Speaking of Runner's World... As I've alluded to throughout the past few weeks, I recently participated in a free program cosponsored by Runner's World and the Foot Locker Run store. It met twice a week, Mondays and Wednesdays, at 6:30pm in Central Park.
Now that the program is over, I thought I'd share some of my thoughts on it. I truly, truly hope they do this program again. The coaches were amazing, the workouts were well thought out, and the program was well organized and well executed. We even got a free t-shirt! (Sadly they were low on women's sizes and the shirt doesn't really fit me, but I still appreciate it.)
I can definitely say that I pushed myself and did speed and hill repeats that I wouldn't have otherwise. Between the shaming of the coaches' presence (they were nothing but completely supportive, but I'm not used to having someone monitoring my workouts) and the variety of the workouts they offered, I did the speed and the hills and am a better runner for it. The coaches gave us a pep talk before the run, telling us what to focus on. The head coach was good. I've been leery of being "coached" for naive reasons - "I've been doing this for a decade, how much more do I need to learn?" or, "It's running; it's intuitive." I was wrong. His advice was solid and gave me a lot to think about.
I also loved how respectful the coaches were of everyone's individual abilities. They split us into Beginner v. Intermediate/Advanced, and they made a point of clarifying that this was an experience distinction and not a speed distinction. So I got to feel like an advanced runner for once! It felt nice.
My only problem with the coaches is that there weren't more of them. Being slow as molasses was frustrating at points because there weren't other runners to run with me, and several of the workouts called for us to run some substantial mid-week distance (a half-mile warm up and then the 10k loop, for instance). The group warm ups were usually done at about a 9 minute mile pace - just enough for me to hold on, but I would be wiped at the end of the warm up. And then during the workouts, the difference between an 8 minute mile and my 10 minute miles added up to me finishing sometimes 15-20 minutes behind most of the group - and only having one person to run with some days, sadly. Luckily the person I found to run with is pretty awesome, and I've kept in touch with her now that the program has ended.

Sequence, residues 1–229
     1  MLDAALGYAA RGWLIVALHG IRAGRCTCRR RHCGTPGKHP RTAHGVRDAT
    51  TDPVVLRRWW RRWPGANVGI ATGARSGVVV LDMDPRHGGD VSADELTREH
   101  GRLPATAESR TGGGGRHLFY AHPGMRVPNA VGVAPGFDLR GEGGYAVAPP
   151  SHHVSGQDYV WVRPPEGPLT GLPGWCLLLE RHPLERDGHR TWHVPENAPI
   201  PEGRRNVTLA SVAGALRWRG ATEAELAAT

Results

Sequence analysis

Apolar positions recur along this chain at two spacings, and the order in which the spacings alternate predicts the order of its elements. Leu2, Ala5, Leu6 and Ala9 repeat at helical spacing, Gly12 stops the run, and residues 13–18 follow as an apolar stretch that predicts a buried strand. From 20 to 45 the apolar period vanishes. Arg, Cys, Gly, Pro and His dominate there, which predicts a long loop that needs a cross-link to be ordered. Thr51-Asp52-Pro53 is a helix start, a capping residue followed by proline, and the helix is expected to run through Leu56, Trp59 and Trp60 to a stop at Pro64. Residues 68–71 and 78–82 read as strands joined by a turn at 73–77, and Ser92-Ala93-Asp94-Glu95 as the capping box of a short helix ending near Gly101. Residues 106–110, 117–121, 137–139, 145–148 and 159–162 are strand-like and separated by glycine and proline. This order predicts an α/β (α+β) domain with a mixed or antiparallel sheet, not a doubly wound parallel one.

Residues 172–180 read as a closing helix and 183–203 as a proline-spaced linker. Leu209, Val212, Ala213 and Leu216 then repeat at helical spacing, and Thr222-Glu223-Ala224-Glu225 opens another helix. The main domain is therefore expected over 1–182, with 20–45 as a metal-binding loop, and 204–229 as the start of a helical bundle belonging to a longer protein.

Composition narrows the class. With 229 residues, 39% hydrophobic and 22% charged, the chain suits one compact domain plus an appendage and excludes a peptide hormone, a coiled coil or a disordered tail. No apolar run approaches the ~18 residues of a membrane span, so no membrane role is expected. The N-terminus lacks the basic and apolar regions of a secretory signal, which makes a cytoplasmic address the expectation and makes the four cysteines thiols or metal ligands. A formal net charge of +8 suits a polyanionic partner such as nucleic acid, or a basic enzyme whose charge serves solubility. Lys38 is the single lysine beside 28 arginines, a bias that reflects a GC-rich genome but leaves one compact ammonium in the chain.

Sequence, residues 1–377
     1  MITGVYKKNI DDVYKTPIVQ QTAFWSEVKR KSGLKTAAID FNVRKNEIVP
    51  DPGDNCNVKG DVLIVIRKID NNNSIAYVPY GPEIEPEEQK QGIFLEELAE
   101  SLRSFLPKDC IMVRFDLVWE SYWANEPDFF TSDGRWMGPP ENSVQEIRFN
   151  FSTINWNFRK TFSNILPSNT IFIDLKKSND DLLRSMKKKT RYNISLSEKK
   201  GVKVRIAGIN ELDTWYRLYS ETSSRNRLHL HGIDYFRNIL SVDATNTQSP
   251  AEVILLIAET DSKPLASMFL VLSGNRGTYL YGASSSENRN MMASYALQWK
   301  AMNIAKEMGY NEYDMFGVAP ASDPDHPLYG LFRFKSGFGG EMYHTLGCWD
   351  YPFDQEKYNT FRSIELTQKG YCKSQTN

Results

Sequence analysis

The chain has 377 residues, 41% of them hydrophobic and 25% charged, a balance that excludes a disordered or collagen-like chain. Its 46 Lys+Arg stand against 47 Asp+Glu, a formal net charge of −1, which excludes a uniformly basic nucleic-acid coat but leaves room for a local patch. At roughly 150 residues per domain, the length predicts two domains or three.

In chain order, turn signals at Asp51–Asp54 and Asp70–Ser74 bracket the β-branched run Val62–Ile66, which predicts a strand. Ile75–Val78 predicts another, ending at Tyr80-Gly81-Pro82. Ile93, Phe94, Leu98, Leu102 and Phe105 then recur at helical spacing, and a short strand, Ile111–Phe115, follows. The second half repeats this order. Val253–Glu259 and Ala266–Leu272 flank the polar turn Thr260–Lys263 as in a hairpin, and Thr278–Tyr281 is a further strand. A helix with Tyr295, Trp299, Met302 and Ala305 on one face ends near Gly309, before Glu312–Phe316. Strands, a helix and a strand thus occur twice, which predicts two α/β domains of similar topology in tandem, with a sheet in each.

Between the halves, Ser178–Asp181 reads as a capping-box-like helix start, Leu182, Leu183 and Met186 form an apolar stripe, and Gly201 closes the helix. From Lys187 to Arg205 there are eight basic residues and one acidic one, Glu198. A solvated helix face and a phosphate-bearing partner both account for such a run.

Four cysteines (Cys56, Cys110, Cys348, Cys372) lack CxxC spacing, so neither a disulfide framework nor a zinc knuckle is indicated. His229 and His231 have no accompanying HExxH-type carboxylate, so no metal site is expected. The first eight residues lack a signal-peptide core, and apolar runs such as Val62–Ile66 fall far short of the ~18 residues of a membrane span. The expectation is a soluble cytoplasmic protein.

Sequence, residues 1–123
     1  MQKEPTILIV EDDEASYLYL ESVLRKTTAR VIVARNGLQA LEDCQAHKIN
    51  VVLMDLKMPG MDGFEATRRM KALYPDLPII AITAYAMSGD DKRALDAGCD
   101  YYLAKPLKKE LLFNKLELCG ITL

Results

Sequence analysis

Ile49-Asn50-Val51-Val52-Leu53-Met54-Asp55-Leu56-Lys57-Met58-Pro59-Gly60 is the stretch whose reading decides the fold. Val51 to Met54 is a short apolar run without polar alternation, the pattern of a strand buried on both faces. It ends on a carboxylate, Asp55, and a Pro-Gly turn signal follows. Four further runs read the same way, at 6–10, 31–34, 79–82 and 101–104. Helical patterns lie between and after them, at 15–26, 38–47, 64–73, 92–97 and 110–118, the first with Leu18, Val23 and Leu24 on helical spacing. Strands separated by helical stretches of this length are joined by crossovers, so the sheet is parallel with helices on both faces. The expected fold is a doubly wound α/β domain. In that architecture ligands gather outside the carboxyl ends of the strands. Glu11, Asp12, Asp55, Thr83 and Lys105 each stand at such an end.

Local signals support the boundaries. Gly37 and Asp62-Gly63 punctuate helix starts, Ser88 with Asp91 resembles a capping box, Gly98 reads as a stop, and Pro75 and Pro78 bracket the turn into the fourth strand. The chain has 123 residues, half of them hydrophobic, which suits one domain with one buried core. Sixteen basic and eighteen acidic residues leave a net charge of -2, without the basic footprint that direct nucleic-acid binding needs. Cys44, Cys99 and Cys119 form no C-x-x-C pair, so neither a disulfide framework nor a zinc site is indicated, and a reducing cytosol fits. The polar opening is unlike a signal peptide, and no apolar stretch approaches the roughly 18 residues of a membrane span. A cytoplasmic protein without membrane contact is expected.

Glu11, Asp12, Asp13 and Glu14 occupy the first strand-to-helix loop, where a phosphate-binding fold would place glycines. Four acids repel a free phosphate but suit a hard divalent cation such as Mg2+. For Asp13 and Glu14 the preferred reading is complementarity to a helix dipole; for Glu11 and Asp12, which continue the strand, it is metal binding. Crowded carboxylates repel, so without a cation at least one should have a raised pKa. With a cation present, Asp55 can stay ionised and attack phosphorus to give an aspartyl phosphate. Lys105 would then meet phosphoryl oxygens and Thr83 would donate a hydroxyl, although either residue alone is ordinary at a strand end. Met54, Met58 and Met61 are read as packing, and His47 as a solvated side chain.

Of course, I was out of town during the "goal" 10k race, so I can't measure the effectiveness of the program. But overall, I liked it. A lot. And, I'll admit, I also like that tonight they're having a get together to celebrate the end of the program and offering each of us three free drinks. As in, more than I can reasonably drink in one sitting these days.
Some alluring eye candy for you to take the edge off the summer heat: me at the start of the New Year's Eve Emerald Nuts Run, a miserably cold midnight experience.
On I went, out of the wood, passing the man leading without knowing I was going to do so. Flip-flap, flip-flap, jog-trot, jog-trot, curnchslap-crunchslap, across the middle of a broad field again, rhythmically running in my greyhound effortless fashion, knowing I had won the race though it wasn't half over, won it if I wanted it, could go on for ten or fifteen or twenty miles if I had to and drop dead at the finish of it, which would be the same, in the end, as living an honest life like the governor wanted me to. -Alan Sillitoe, "Loneliness of the Long Distance Runner"